Prusa Takes Aim At Thingiverse

By on November 24th, 2019 in Software

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 Importing 3D models directly from Thingiverse [Source: PrusaPrinters]
Importing 3D models directly from Thingiverse [Source: PrusaPrinters]

Prusa Research seems to be taking aim at capturing the crown of 3D model repositories from Thingiverse.

Hidden in one of their recent newsletters, Prusa Research revealed they have developed a tool to automatically import Thingiverse 3D model entries directly into their own repository,

Thingiverse History

Thingiverse, of course, is the grand-daddy of 3D model repositories for hobbyist 3D printer operators. It was created in late 2008 by then-independent MakerBot as a way to encourage sharing of 3D models for buyers of their new CupCake 3D printer. MakerBot correctly realized that few of the buyers were sufficiently skilled in 3D design to create their own 3D printable content, so they made a way for others who could to share.

Thingiverse had the classic “first-mover” advantage. Because they were there and no other repositories seemed accessible at the time, they collected 3D models quite rapidly. But as their collection grew, so too did their importance: where do you look for something? In the biggest repository!

And that seems to have always been Thingiverse. Today they boast of around 4M 3D models.

However, it’s not completely peachy at Thingiverse these days. After the acquisition of MakerBot by Stratasys in 2013, there was less attention to the repository as Stratasys and MakerBot remade the business. Thingiverse is still there and still by far the largest repository of 3D printable objects, but many believe it is getting overdue for a makeover.

MakerBot still operates Thingiverse and does use it successfully in some of their new programs, but many current Thingiverse users are not interested in those programs.


Meanwhile, Prusa Research launched earlier this year. The site offers a number of interesting services, such as the ability to perform print on demand services by Prusa printer owners, coordinate enthusiast demonstrations, and share 3D models – just like Thingiverse.

As of this writing, the number of 3D models in is vastly smaller than Thingiverse: just over 4000. has literally 1000X fewer 3D models than Thingiverse, although the site is growing rapidly.

Since the takeover of MakerBot/Thingiverse, there have always been a vocal minority of designers who just don’t like Thingiverse. We’ve even posted a list of alternate repositories they could consider.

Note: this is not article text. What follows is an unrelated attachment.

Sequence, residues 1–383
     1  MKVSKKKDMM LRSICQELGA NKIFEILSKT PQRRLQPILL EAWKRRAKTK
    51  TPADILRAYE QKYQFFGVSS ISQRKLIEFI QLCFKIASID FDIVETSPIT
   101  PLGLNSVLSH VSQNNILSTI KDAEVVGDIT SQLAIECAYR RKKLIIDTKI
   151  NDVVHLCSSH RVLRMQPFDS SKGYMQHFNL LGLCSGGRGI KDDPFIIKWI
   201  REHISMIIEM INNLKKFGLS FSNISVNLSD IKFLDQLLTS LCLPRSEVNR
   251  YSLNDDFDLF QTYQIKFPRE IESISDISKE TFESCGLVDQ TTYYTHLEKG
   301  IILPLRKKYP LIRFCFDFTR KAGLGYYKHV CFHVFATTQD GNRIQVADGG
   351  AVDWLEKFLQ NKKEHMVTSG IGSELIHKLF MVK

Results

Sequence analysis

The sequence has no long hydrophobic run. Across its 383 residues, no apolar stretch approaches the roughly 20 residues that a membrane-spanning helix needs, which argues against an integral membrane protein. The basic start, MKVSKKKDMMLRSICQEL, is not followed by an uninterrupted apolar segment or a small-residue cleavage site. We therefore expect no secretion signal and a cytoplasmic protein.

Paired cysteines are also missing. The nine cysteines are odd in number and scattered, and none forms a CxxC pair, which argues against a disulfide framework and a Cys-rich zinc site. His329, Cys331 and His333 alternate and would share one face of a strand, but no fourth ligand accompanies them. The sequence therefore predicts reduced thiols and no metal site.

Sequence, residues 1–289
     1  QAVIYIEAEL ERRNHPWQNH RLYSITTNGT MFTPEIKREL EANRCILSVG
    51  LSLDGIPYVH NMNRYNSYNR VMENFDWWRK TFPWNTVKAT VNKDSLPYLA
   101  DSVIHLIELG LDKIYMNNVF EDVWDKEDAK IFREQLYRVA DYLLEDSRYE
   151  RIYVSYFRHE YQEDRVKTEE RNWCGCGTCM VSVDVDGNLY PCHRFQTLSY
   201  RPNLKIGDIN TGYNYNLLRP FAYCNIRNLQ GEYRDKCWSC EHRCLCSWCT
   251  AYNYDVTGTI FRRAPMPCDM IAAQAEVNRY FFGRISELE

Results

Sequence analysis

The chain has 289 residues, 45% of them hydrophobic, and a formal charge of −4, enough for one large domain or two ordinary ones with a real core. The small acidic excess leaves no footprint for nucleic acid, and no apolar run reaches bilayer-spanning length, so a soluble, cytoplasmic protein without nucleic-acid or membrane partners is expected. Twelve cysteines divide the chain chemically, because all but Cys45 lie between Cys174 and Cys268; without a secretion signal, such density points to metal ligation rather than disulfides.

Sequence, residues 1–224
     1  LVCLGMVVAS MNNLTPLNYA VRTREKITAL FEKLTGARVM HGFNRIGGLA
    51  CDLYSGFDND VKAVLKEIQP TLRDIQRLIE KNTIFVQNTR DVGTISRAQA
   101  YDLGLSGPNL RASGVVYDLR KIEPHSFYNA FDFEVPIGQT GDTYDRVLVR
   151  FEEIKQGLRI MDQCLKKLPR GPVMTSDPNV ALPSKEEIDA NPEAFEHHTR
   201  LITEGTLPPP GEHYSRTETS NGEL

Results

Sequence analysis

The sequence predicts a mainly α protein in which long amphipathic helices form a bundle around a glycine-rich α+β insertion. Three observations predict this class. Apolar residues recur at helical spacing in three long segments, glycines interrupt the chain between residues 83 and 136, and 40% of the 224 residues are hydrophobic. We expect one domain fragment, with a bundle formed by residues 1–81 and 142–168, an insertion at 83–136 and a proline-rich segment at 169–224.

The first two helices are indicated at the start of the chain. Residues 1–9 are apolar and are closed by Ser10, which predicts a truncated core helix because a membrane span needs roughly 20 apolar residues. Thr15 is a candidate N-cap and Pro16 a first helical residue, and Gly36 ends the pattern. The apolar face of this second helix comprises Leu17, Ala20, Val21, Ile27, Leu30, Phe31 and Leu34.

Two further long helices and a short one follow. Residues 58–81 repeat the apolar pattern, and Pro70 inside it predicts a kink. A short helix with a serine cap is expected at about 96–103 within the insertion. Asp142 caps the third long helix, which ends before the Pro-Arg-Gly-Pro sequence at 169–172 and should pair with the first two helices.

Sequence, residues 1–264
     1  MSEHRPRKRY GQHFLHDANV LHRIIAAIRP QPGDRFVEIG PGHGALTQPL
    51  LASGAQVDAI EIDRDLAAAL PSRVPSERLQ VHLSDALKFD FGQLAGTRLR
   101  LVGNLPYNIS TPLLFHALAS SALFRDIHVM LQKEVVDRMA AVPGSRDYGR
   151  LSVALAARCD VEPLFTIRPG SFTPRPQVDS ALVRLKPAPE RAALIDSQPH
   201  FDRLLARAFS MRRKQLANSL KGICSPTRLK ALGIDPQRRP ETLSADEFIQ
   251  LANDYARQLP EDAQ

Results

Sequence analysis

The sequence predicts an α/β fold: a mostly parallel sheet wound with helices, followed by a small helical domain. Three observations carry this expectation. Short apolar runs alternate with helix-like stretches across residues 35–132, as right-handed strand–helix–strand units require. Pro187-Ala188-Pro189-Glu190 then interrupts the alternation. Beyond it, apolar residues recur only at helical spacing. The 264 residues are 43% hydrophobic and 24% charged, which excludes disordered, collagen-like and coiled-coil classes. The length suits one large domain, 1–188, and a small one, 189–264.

That list, created in 2018, obviously did not include, but it will in future editions. The point here is that 3D model designers want to spread their designs around to allow the maximum access to the material. This means you can often find a design on multiple repositories.

PrusaPrinters Import Thingiverse

That’s where I think Prusa Research is heading here. By creating an import tool, they are making it easy for Thingiverse designers to move their works to, thus building up that site’s content.

The Thingiverse importer was apparently tested by a group of secret beta testers, and now the system is certified for use by any registered user of Prusa Research explains:

”To prevent users from stealing other users’ models, there’s a simple safety mechanism in place. Before you are able to import your models, you need to confirm that you actually own the selected Thingiverse account by simply copy-pasting a piece of information into your profile. Once you are authorized, you can select the models you wish to transfer and confirm the selection. Once everything is processed, you’ll see the results in your Drafts. Double-check the information and publish the print files – it can’t get any easier than this!”

They say: “it can’t get any easier than this!” and that echoes one of my personal axioms: If you want something to happen, make it easy to happen.

PrusaPrinters wants Thingiverse content.

Via PrusaPrinters

By Kerry Stevenson

Kerry Stevenson, aka "General Fabb" has written over 8,000 stories on 3D printing at Fabbaloo since he launched the venture in 2007, with an intention to promote and grow the incredible technology of 3D printing across the world. So far, it seems to be working!